double Q1, Q2, Q3, Q4, Q5, Qtot;


void setup()
{
  Particle.variable("TopH", TopH);
  Particle.variable("TopL", TopL);
  Particle.variable("MidH", MidH);
  Particle.variable("MidL", MidL);
  Particle.variable("BotH", BotH);
  Particle.variable("BotL", BotL);
  Particle.variable("ECO-Qtot", Qtot);
}


void loop()
{
  getTemperatures(0);

  Av1 = (TopH + TopL)/2;
  Av2 = (TopL + MidH)/2;
  Av3 = (MidH + MidL)/2;
  Av4 = (MidL + BotH)/2;
  Av5 = (BotH + BotL)/2;

  Q1 = (Av1-Tmin)*110*1.163/1000;
  Q2 = (Av2-Tmin)*90*1.163/1000;
  Q3 = (Av3-Tmin)*90*1.163/1000;
  Q4 = (Av4-Tmin)*90*1.163/1000;
  Q5 = (Av5-Tmin)*110*1.163/1000;
  Qtot = Q1+Q2+Q3+Q4+Q5;

  delay(5000);
}


void getTemperatures(int select)
{
    ds.reset();
    ds.skip(); 
    ds.write(0x44, 0);
    delay(1000);
    ds.reset();

    for (int i=0; i< sizeof(temps)/sizeof(temps[0]); i++)
    {
        switch (select)
        {
            case 0:
                ds.select(addrs0[i]);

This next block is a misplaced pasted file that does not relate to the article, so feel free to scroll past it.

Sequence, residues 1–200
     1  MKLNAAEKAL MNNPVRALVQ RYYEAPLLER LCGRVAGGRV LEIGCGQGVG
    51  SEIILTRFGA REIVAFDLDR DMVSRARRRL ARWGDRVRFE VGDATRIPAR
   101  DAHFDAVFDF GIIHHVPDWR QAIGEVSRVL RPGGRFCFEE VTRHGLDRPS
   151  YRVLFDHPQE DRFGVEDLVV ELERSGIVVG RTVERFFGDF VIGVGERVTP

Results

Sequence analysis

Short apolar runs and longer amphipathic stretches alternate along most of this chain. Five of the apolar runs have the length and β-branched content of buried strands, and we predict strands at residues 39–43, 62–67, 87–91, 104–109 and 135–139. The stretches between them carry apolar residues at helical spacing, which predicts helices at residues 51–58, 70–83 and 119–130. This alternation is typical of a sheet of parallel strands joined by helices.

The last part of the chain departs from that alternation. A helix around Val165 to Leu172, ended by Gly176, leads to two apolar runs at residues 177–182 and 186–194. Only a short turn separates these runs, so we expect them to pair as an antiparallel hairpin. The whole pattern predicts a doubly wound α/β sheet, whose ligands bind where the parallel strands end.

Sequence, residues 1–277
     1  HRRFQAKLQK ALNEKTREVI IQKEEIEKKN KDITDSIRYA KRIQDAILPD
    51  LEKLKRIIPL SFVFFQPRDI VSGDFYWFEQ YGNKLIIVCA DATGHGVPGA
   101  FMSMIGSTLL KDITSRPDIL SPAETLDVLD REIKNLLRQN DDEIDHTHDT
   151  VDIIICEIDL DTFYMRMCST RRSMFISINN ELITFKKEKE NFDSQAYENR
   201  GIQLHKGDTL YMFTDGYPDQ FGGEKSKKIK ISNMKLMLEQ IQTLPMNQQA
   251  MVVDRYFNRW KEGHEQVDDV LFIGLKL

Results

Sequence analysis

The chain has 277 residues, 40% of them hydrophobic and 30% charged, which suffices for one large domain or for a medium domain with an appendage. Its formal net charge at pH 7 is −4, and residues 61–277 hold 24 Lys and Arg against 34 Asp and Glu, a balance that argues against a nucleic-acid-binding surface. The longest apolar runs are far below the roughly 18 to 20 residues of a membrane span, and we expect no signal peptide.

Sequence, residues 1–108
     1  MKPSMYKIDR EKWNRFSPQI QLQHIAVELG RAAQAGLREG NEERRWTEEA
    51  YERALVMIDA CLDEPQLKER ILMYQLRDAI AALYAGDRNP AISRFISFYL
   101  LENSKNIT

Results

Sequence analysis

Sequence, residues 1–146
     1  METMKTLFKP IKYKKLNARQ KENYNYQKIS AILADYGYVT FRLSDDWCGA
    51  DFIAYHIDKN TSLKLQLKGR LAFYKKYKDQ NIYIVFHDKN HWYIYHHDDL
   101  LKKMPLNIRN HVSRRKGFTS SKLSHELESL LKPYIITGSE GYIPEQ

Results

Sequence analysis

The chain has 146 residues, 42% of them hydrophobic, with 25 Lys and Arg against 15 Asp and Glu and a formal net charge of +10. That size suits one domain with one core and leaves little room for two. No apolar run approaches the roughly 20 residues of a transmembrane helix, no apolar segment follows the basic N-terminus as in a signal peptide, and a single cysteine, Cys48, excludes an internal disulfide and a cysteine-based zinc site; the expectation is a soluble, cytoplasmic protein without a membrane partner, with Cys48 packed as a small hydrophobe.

break;
            case 1:
                ds.select(addrs1[i]);
                break;
        }

        ds.write(0xBE,0);

        byte data0 = ds.read();
        byte data1 = ds.read();
        ds.reset();

        if (select == 0)
        {
            int16_t raw = (data1 << 8) | data0;
            celsius = (double)raw * 0.0625;
        }
        else if (select == 1)
        {
            int16_t raw = data0;
            celsius = (double)raw * 0.5;
        }

        *temps[i] = celsius;
    }
}

It is in my opinion simplified as much as possible and it works really perfectly, thanks @ric!
I could not have developed this myself…
:older_man: